Smagorinsky, P., Jakubiak, C., & Moore, C. (2008). Student teaching in the contact zone: Learning to teach amid multiple interests in a vocational English class. Journal of Teacher Education, 59, 442-454.

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Smagorinsky, P., Jakubiak, C., & Moore, C. (2008). Student teaching in the contact zone: Learning to teach amid multiple interests in a vocational English class. Journal of Teacher Education, 59, 442-454.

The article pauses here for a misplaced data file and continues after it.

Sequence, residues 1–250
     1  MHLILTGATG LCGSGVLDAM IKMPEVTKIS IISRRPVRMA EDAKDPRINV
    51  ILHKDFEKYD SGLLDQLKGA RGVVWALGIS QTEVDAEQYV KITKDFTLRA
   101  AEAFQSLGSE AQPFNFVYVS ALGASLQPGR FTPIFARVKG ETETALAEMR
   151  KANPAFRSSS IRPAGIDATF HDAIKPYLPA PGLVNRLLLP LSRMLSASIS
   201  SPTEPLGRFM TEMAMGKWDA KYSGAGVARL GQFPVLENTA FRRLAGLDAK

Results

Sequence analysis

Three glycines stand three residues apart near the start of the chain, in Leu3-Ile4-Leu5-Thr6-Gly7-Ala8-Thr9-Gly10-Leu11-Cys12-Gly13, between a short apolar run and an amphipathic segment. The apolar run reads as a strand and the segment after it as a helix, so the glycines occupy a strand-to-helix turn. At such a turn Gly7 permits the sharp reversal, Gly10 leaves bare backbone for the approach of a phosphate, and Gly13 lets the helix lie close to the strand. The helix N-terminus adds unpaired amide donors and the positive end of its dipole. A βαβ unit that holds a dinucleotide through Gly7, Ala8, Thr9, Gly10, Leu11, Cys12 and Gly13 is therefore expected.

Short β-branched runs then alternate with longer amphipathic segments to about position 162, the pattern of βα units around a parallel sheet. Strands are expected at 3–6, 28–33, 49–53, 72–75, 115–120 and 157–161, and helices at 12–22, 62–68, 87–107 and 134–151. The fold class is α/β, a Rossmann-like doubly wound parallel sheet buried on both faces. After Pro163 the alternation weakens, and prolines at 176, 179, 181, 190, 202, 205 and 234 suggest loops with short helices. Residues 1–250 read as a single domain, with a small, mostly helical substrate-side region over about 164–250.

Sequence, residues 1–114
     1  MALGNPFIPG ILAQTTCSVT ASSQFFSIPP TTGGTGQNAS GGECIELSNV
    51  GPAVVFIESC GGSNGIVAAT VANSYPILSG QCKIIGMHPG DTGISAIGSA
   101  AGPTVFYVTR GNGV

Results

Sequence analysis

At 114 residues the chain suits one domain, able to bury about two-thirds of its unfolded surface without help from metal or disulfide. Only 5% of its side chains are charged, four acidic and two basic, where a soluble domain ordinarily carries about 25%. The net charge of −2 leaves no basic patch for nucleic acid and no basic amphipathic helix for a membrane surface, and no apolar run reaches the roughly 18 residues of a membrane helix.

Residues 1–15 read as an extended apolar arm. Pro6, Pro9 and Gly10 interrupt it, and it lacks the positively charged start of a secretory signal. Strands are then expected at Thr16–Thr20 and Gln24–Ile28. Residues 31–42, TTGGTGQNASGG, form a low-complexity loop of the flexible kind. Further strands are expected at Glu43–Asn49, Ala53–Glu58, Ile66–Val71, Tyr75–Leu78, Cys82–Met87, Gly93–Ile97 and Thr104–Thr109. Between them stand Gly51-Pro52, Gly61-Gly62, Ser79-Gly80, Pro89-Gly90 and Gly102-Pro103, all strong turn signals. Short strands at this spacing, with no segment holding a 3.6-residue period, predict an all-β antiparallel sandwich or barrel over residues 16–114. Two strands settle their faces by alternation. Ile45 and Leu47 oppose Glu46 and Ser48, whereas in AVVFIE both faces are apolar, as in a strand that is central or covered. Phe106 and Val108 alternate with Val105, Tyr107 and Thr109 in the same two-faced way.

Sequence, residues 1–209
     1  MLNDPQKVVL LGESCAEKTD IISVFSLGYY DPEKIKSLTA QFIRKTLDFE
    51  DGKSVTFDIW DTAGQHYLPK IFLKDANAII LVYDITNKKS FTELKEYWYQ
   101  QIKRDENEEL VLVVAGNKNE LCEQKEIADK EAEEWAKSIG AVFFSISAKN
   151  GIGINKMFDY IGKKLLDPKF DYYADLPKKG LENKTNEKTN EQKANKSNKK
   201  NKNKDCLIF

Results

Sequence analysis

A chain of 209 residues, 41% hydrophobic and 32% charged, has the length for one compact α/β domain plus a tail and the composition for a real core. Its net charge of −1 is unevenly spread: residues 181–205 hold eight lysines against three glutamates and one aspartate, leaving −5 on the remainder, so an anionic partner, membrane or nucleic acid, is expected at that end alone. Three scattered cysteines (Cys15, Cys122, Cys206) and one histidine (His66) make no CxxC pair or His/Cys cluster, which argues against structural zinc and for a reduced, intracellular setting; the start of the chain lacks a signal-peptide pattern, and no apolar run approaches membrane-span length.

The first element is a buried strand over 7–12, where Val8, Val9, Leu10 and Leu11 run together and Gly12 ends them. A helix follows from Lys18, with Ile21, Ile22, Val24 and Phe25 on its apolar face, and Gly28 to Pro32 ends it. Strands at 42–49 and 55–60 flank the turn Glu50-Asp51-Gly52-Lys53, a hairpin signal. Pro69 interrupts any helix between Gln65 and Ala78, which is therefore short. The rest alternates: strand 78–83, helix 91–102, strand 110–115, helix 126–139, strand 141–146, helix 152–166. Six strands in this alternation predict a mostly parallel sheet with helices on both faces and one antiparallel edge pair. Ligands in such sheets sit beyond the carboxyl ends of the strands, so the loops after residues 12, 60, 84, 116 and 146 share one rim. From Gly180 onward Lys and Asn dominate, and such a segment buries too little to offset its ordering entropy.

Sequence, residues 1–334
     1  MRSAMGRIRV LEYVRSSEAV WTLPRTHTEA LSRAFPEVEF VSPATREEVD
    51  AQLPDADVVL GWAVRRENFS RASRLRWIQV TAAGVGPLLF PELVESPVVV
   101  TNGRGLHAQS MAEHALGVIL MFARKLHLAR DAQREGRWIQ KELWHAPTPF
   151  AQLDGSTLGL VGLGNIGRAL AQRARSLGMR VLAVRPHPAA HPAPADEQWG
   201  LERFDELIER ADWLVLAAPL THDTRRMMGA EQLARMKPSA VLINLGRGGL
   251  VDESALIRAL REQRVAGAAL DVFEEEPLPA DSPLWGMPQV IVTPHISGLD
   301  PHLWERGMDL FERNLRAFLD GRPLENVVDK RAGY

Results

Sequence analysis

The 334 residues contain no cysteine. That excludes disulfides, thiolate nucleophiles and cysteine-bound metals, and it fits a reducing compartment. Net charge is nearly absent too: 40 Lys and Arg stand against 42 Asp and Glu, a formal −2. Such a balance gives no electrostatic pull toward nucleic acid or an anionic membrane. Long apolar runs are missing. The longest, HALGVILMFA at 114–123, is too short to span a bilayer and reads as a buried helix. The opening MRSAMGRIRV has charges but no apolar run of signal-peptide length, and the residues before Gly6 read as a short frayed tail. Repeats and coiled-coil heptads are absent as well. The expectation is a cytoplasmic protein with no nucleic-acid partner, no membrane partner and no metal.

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Document Transcript Journal of Teacher Education DOI: 10.1177/0022487108324329 2008; 59; 442 Journal of Teacher Education  Peter Smagorinsky, Cori Jakubiak and Cynthia Moore English ClassStudent Teaching in the Contact Zone: Learning to Teach Amid Multiple Interests in a Vocational   The online version of this article can be found at:   Published by:   On behalf of:   American Association of Colleges for Teacher Education (AACTE)   can be found at: Journal of Teacher Education Additional services and information for Email Alerts: Subscriptions: Reprints: Permissions: Citations  at UNIV OF GEORGIA LIBRARIES on November 17, 2008 http://jte.sagepub.comDownloaded from   442 Student Teaching in the Contact Zone Learning to Teach Amid Multiple Interestsin a Vocational English Class Peter SmagorinskyCori Jakubiak Cynthia Moore University of Georgia This case study investigates the decision making of Joni,a high school English teacher,during her student teaching in anApplied Communications II teaching assignment,comprised of students in the lowest tier of a four-track senior Englishcurriculum. This course served as a “contact zone”for a set of competing interests:Joni’s stated beliefs about effectiveteaching based on her experiences as a student,the Applied Communications curriculum,the student-centered pedagogyadvocated by her university professors and supervisor,and the students’beliefs about the Applied Communicationscurriculum. The analysis finds that Joni’s student teaching was complicated by the different values of the variousstakeholders who converged in her classroom,producing disagreement about the motive of the activity setting of her studentteaching. The study concludes with a consideration of both the purpose of vocational English classes and the preparationthat novice teachers receive to teach them.  Keywords: teacher thinking; teacher education; contact zone; tracking; beginning teachers I n his study of a university’s first-year composition pro-gram,Durst (1999) describes the “collision course”that instructors and students travel when they arrive withvery different beliefs about the raison d’être for theclass. At the University of Cincinnati,the site of hisresearch,many students take a pragmatic view of theircollege education,matriculating to elevate their stationin society. First-year composition,in these students’view,should have a utilitarian emphasis,teaching themwriting skills that will help them succeed in their upper-level coursework and ultimate careers.The first-year composition instructors,however,typi-cally adopt a critical theory stance toward writing peda-gogy. Rather than simply teaching students how to writein accordance with college expectations,they take amore political perspective in which they instruct theirstudents to use writing as a means to critique and trans-form society into a more equitable place. Often,thiseffort involves requiring students to critique their ownprivilege. This emphasis,in the view of many students,assumes of them a privilege that they do not believe thatthey have and further provides for the course a purposethey believe it ought not have. These competing assump-tions and interests,argues Durst (1999),make first-yearcomposition courses problematic in terms of the variousstakeholders’beliefs about what is appropriate for theclass’s curriculum,instruction,direction,and assessment.The intersection of oppositional interests in a socialsetting has been described by Pratt (1999) as a contact  Journal of Teacher Education Volume 59 Number 5November/December 2008 442-454© 2008 Sage Publications10.1177/0022487108324329http://jte.sagepub.comhosted at Authors’Note: Work on this article was supported by a grant from theOffice of Educational Research and Improvement to the Center onEnglish Learning and Achievement (CELA),and from there to the firstauthor. CELA is supported by the U.S. Department of Education’sOffice of Educational Research and Improvement (Award #R305A60005). However,the views expressed herein are those of theauthors and do not necessarily represent the views of the department.Thanks to the editors and external reviewers of  JTE  for their contribu-tions to the development of this manuscript. Please address correspon-dence to Peter Smagorissky,Department of Language and LiteracyEducation,The University of Georgia,125 Aderhold Hall,Athens,GA30602;  at UNIV OF GEORGIA LIBRARIES on November 17, 2008 http://jte.sagepub.comDownloaded from    zone. To Pratt,contact zones are sites where members of different cultures “meet,clash,and grapple with eachother,often in contexts of highly asymmetrical relationsof power”(p. 76). The examples Pratt provides are oftenextreme in this regard,such as the inequitable relation-ship between master and slave. However,more nuancedversions of a contact zone are often in evidence inschools,where a host of relationships—often involvingpeople of disproportionate power—intersect in complexways. At times such a nexus of competing values andinterests provides the site for the violence implied byDurst’s (1999) “collision”metaphor or Pratt’s “clash”of values. At other times,however,the different concep-tions of the classroom’s purpose provide for a more sub-tle,less cataclysmic convergence of interests.In this study,we investigate a student teacher’s peda-gogy in a 12th grade English class called AppliedCommunications. The class was designed to teach voca-tional-track students both a literature-oriented curricu-lum and the skills they presumably needed to find jobsand succeed in the workforce. We analyze teacher candi-date Joni’s experiences in relation to the four primaryperspectives that intersect,interact,and come into con-flict in her teaching of the Applied Communicationsclass:(a) Joni’s stated beliefs about effective teachingbased on her experiences as a student,(b) the AppliedCommunications curriculum as interpreted by her men-tor teacher,(c) the student-centered pedagogy advocatedby her university professors and supervisor,and (d) thestudents’reported beliefs about the appropriateness andusefulness of the Applied Communications curriculum.In light of these interests,we explore the followingresearch question:What are the consequences for Joni’steaching as a result of the ways in which she acknowl-edges and interprets these four perspectives? Theoretical Framework Leont’ev’s (1981; cf. Wertsch,1985) account of the motive of a setting provides a useful construct for under-standing the dynamics of a contact zone (Grossman,Smagorinsky,& Valencia,1999). Borrowing terms fromSarason (1972),Wertsch (1985),and others,we refer tothe contexts that mediate the development of conscious-ness as activity settings. Lave (1988) makes a distinctionbetween an arena ,which has visible structural features,and a setting ,which represents the individual’s construalof that arena. Thus,although two teachers may work atthe same arena (e.g.,a school or English department),they may have distinctly different understandings of itbased on their own goals,histories,and activities. Theythus experience the same arena as different settings.When a teacher candidate is subservient to both the uni-versity’s and the school’s priorities during student teach-ing,there is great potential for an educational arena tobecome a contact zone in which different conceptions of setting come in conflict.As outlined by Cole (1996),settings are  proleptic ; thatis,established assumptions about appropriate socialfutures implicitly shape people’s present action to bringabout those very futures. Rheingold and Cook (1975),for instance,found that parents often both anticipate andhelp to construct their children’s gendered futures,deco-rating boys’rooms with transportation motifs and otherworldly pursuits and girls’rooms with dolls,lace,andother domesticalia. The shaping of children’s environ-ments by adults projects a life trajectory that is oftenreinforced across the many settings in which youngpeople are socialized into appropriate adult roles. Thissense of optimal outcome,both for individuals andwhole social groups,has been described by Wertsch(2000) as teleological ; that is,having a sense of designtoward a preferred purpose. The constructs of telos andprolepsis suggest that every social setting has a motive (Leont’ev,1981),or broad social destination,that is con-tinually encouraged through both explicit and implicitmeans. At the same time,the notion of a contact zonesuggests that this official or predominant motive may becontested by those who are outside the power structure.Merging the goals of various stakeholders into a com-mon motive is highly complex. Multiple and competinggoals and destinations often coexist within a setting,although typically the goals of the most powerful peopleand groups predominate. The motive for a setting,then,while not specifying the actions that take place,provideschannels that encourage particular ways of thinking andacting,and discourage others. Student teaching illustratesthe ways in which a setting may accommodate diverse andsometimes antagonistic goals,with schools and universi-ties often envisioning different roles for the teacher.Student teaching often becomes a setting in which differ-ent stakeholders vie for control over the instructionalapproach,resulting in a two-worlds pitfall for teacher can-didates (Feiman-Nemser & Buchmann,1985) in whichthey must be responsive to the demands of competinginterests. Further,another set of stakeholders,the students,may invest the arena with other goals and expectations,resulting in classrooms in which,while an official desti-nation is operationalized in a curriculum,the sense of setting and attendant goals constructed by different partic-ipants may be at odds and come in conflict.Our study of Joni’s teaching in an AppliedCommunications class employs the construct of theactivity-setting-as-contact-zone as a lens for understanding Samgorinsky et al. / Student Teaching in the Contact Zone443  at UNIV OF GEORGIA LIBRARIES on November 17, 2008 http://jte.sagepub.comDownloaded from   her decision-making during student teaching. We nextoutline how this theoretical framework has provided uswith the terms and concepts through which we collectedand analyzed the data for our study. Method Data Collection The research design as a whole was conceived by thefirst author along with his colleagues Pamela Grossmanand Sheila Valencia as part of research conducted throughfunding acquired by the Center on English Learning andAchievement (CELA) from the U.S. Office of EducationalResearch and Improvement. The research team for thisstudy collected the following data.  Data not formally analyzed. Some data sources werenot subjected to a formal analysis. We consulted thesedata to provide the context of the investigation. Forexample,information about the teacher education pro-gram emerged in Joni’s gateway interview,our inter-views with her professors and supervisors,and theconcept maps that the students produced for the research.We extracted what we saw as germane to the focus of this study and included it in our account. The followingsources were employed for such purposes: 1.We conducted a gateway interviewwith Joni duringwhich she spoke in response to questions in the fol-lowing categories:her apprenticeship of observation(i.e.,what she had learned about teaching based on herexperiences as a student; see Lortie,1975),her per-sonal philosophy and conceptions about teaching,herpreservice coursework,and her field experiences priorto student teaching (data collected by the first author).2.We conducted interviews with Joni’s university English education professors about their experiencesas teachers and their approach to teacher education(data collected by the third author).3.We conducted interviews with Joni’s mentor teacher and university supervisor  at different points during herstudent teaching (data collected by the third author).4.We solicited two group concept maps produced by thecohort of research participants before and after studentteaching (data collected by the first author).5.Joni provided us with curriculum documents and  plan-ning books that influenced her decisions about teach-ing(data collected by the third author).  Data subjected to formal analysis. The formal analy-sis was conducted on data collected during three obser-vation cycles. An observation cycle consists of apreobservation interview,two classroom observationsrecorded via field notes,and a postobservation interview(data collected by the third author). Data Analysis We developed a coding system derived from priorwork in this line of inquiry to identify the pedagogicaltools that Joni emphasized in her student teaching(e.g.,Bickmore,Smagorinsky,& O’Donnell-Allen,2005;Smagorinsky,Sanford,& Konopak,2006; Smagorinsky,Wright,Augustine,O’Donnell-Allen,& Konopak,2007). This coding system is grounded in a Vygotskianperspective on teaching and learning that views humandevelopment to be a consequence of goal-directed,tool-mediated action in social context (Wertsch,1985). Thecodes employed for this study focused on the pedagogi-cal tools that Joni used in her teaching and the source sheidentified for learning how to use each (i.e.,the attribu-tion for each tool coded). By “tools”we mean thoseimplements—tangible or psychological—through whichshe enacted her practice (see Grossman et al.,1999),such as a worksheet,a small group activity,a game for-mat,and other means for instructing students.The observation cycle interviews and field notes wereread and analyzed by the first and second authors. Eachtool was coded for the name of the tool and the attribu-tion Joni provided for where she learned of the tool andhow to use it. We identified the following major cate-gories for our codes: 1. Open-ended: This code describes occasions when Joniprovided instruction that allowed students to take theirown directions with their learning,such as when theyinterpreted stories through drawings. In response toopen-ended teaching,students could represent theirknowledge in idiosyncratic ways.2. Orthodox—academic: We used the term orthodox  toaccount for teaching decisions that required of students a “straight”response (consistent with theGreek term ortho ’s root)—that is,conforming to anestablished expectation. Joni’s use of orthodox teach-ing in the academic area came when she stressed cor-rectness in students’use of language,structure of writing,accuracy in recalling information,and otherareas of conformity to received knowledge.3. Orthodox—behavioral: We coded data as orthodoxbehavioral teaching when Joni attempted to teachproper conduct,especially in relation to the vocationaldimensions of the curriculum,such as using a properhandshake,filling out job applications accurately,dressing properly,and demonstrating other aspects of expected workplace behavior.4.  Attribution: We applied this code whenever Joni iden-tified a pedagogical tool,for example,workbooks, 444Journal of Teacher Education  at UNIV OF GEORGIA LIBRARIES on November 17, 2008 http://jte.sagepub.comDownloaded from   Samgorinsky et al. / Student Teaching in the Contact Zone445  journal writing,and others elaborated in Table 1.Throughout the interviews Joni would be prompted toattribute her pedagogical tools to a source such as hermentor teacher or her university professors. Attributionsfor orthodox teaching and behavior were typically madeto influences at the site of student teaching:her cooper-ating teacher,the curriculum materials,and so on.Attributions for open-ended teaching were more likelyto be made to her teacher education course work or her-self as the srcinator of ideas.Table 1 charts the frequency of each specific tool foundwithin the open-ended  , orthodox-academic ,and orthodox-behavioral categories. Context of the Investigation Participant Joni was a native of small,rural community of about1,000 residents in a Midwestern state. When her stepfa-ther was transferred to a city in the Deep South duringJoni’s senior year of high school,she completed hersenior year in the Midwest,and then moved south to joinher family. After working for a semester,she enrolled inand received her associate’s degree from the local 2-yearcollege,after which she transferred to her state’s name-sake university where she graduated with an Englishmajor. She then immediately enrolled in a master’sdegree in English education program,which awarded hera teaching credential.In various interviews Joni discussed the kind of teacher she did and did not want to be. Good teachersfrom her past,she said,“did all different types of things. . . and let you kind of explore on your own.”She pre-ferred “teachers who take the time to read my work. . . .I like it when they respond to me and tell me what I didwrong or tell me when I did right.”In contrast,she didnot like teachers who “made it really hard.”One memo-rable teacher,she said,was “real cognitive. . . . She hadher hair in a bun,you know,real—oh,she was mean. Shewas so mean. . . . She gave out homework like crazy. Shegraded really hard.”This teacher emphasized grammarinstruction heavily; “We didn’t do that much writing inschool,”said Joni.When asked to describe what she meant by “cogni-tive,”a term she repeated several times,Joni said that itreferred to teachers who “were the really strict ones. . . .They give a lot of homework; they’re this way,they’renot going to change,go by the book,read the book,lec-ture from the book types.”Such instruction,said Joni,“really bores me.”Joni further reported that “I don’t like worksheets [or]a lot of lecturing,and I cannot lecture. . . . That’s the waymost of my [high school] teachers taught,was a lot of lecturing. . . . You took notes.”Her content-area collegeprofessors also lectured,with students “sitting there tak-ing notes for an hour. . . . Not too much group work inclass.”From her apprenticeship of observation as astudent,then,Joni stated a preference for open-endedinstruction with personal attention,which was the excep-tion to the orthodox norm. She further expressed a disdainfor student passivity,preferring instead opportunitiestoexplore topics in personal ways. She was unambiguousabout not wanting to be the sort of “cognitive bun lady”whose strict,unyielding command of the classroom leftlittle room for student inquiry. Table 1 Frequency of Each Specific Tool FoundWithin the Code Categories CodeFrequencyToolsOpen-ended teachingCollaborative learning12Differentiating instruction2Making learning fun/relevant (game review format)6Multiple intelligences7Writing—personal (journal,autobiography,poetry)12Orthodox teaching—academicAssessment (quiz/test/test review/reading16check/homework)Literary terms4Reading in class6Vocabulary11Workbook exercises2Writing—academic (essay,literary analysis,3research,summaries,discussion question answers)Writing—form (paragraphs,sentences,models)2Orthodox teaching—behavioralCharacter traits6Cultural codes19Discipline3Life skills instruction15Vocational teaching/learning a 81AttributionColleague3Cooperating teacher48Curriculum materials33Mandate4Self23Students6Teacher education course work6a. Using a computer,hearing guest speakers,interview rehearsals,reading job-oriented newspaper articles,making presentations,doingprojects,planning careers,writing résumé,writing thank you letters,and writing job applications.  at UNIV OF GEORGIA LIBRARIES on November 17, 2008 http://jte.sagepub.comDownloaded from